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Detariffing- What It Is and How It Will Affect Consumers

Beginning August 1, 2001, your relationship with your long distance carrier will change as a result of an order from the Federal Communications Commission (FCC). Read on to find out how it will change and what it means for you.


Effective August 1, 2001, per FCC order, all long distance companies must withdraw their tariffs on file with the FCC for long distance service and are not permitted to file any more tariffs with the FCC.

A tariff is a statement of all the terms and conditions of a carrier's service, including rates. Until August 1, 2001, the tariff controls the relationship between consumers and their chosen long distance telecommunications carriers.

Once the FCC order takes effect on August 1, 2001, the tariffs will be canceled, and the relationship between consumers and their carriers automatically will be governed by contract. Consumers do not need to act in order for this change to occur.

After August 1, 2001, carriers are required to make available to the public, in a timely manner and an understandable format, information concerning their current rates, terms, and conditions for all of their long distance services. In addition, if a carrier has a website, it shall make this information available on its website and update the information regularly.


If you are a customer of AT&T, MCI WorldCom, or Sprint, you will be receiving, if you have not already received, a notice from the company explaining this change and providing you with a service agreement or contract describing the terms and conditions of your relationship with your carrier. Some of the information explained in the service agreement/contract will include:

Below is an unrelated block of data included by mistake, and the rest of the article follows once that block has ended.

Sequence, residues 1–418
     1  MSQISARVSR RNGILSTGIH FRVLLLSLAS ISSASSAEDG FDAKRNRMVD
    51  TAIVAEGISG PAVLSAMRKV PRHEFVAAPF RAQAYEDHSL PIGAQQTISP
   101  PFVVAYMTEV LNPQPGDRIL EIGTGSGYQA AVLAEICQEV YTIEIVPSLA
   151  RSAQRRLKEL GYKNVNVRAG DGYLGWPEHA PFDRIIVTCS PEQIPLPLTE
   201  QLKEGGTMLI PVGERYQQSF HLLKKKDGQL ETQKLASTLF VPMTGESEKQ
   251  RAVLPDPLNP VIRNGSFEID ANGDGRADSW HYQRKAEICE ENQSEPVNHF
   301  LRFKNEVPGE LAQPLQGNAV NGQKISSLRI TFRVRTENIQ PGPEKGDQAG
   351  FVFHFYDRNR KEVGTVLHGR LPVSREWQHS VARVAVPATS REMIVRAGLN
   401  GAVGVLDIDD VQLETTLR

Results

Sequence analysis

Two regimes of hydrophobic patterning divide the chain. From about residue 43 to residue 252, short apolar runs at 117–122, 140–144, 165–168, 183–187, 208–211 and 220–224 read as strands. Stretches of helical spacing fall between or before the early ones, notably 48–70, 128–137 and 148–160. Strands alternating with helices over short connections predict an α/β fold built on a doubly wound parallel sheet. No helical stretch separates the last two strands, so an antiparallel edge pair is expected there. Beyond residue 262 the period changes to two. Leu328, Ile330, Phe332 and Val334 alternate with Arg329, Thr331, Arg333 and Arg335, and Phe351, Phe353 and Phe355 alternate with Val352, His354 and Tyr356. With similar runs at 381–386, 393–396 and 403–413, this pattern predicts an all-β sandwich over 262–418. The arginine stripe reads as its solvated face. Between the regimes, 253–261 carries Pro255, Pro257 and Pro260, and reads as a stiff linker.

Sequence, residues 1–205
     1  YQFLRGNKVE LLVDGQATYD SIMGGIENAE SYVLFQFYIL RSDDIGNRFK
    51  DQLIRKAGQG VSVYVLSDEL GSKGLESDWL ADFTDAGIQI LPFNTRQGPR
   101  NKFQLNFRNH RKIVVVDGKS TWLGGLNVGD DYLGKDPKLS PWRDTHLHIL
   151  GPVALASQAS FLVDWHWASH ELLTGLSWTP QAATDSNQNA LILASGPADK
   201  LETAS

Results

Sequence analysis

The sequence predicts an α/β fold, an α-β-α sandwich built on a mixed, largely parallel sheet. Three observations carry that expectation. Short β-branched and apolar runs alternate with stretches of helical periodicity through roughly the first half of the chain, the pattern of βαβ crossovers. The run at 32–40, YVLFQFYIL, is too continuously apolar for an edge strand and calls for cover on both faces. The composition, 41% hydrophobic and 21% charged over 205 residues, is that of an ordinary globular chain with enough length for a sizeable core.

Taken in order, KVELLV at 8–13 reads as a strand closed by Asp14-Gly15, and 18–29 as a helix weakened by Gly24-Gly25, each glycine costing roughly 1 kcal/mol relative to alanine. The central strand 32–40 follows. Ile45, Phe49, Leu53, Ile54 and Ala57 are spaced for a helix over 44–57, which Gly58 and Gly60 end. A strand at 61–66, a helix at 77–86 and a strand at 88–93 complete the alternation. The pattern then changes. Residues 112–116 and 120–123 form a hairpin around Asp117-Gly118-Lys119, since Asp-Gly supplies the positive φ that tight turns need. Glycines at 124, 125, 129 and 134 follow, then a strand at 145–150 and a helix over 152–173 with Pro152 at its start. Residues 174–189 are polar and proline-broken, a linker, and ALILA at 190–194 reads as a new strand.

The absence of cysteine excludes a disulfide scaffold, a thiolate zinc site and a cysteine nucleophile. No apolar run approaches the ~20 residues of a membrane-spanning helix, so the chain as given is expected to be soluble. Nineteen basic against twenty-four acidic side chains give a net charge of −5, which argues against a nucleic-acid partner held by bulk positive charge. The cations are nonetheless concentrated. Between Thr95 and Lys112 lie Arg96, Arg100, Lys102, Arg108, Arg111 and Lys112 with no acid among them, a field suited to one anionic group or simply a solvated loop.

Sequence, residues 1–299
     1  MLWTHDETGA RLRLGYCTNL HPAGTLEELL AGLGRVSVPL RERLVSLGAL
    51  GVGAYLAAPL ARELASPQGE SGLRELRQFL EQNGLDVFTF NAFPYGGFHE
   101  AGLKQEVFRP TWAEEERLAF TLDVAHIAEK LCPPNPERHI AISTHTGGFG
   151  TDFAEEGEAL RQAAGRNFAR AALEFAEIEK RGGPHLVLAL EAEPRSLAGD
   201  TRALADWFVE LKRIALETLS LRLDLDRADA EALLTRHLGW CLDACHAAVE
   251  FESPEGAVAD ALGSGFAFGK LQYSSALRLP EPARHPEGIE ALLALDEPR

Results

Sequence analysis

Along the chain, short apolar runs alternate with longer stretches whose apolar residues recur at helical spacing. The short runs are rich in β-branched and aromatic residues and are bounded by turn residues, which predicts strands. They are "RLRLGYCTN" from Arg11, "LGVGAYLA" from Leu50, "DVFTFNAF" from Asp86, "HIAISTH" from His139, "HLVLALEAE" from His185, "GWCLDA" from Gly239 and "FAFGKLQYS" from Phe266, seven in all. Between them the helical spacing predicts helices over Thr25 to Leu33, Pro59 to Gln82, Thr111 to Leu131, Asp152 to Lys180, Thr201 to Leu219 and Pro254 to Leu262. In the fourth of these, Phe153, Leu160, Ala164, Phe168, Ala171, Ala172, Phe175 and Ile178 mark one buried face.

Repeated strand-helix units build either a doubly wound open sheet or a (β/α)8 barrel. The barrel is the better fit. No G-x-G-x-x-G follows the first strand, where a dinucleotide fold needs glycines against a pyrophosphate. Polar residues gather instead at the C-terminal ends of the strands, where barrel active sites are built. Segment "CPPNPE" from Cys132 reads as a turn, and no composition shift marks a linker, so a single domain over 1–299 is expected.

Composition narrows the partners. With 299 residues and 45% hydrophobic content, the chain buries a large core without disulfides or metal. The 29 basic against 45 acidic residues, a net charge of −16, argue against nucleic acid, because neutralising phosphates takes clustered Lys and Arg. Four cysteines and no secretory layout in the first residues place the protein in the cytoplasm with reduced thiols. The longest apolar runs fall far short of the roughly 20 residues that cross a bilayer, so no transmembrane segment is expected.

• the price you pay for the service you are receiving
  • this may be by reference to another document which you must request from your long distance company or may access through the Internet;
  • the duration of the agreement
  • for example, are you required to remain a customer of the long distance company for a certain number of months, or are you free to switch companies without penalty?;
  • how to accept the terms and conditions of the contract
  • in many cases, by continuing to use the long distance company's service, you have accepted the terms and conditions;
  • the method the long distance company will use to notify you of changes in the terms and conditions of service
  • the method could be a letter in the mail, a message in your long distance bill, or some other method of notice
  • a change in a term or condition could be a price increase; and
  • how disputes between you and your long distance company will be resolved
  • the agreement may call for you to participate in mandatory binding arbitration
  • you may be giving up any right to go to court (except small claims court in some instances)
  • you may be required to pay a filing fee
  • any legal claim you have against the long distance company could be governed by the law of another state
  • you may be required to travel to another state to participate in arbitration

When considering whether to remain with your current long distance carrier or to choose a new one, you may want to consider the factors listed above.

If you have a complaint about a long distance company, you can contact the Consumer Fraud Bureau of the Attorney General's office by calling the appropriate toll-free telephone number listed below. You can download a consumer complaint form from the Attorney General's website (

1-800-386-5438 (Chicago)

1-800-243-0618 (Springfield)

1-800-243-0607 (Carbondale)

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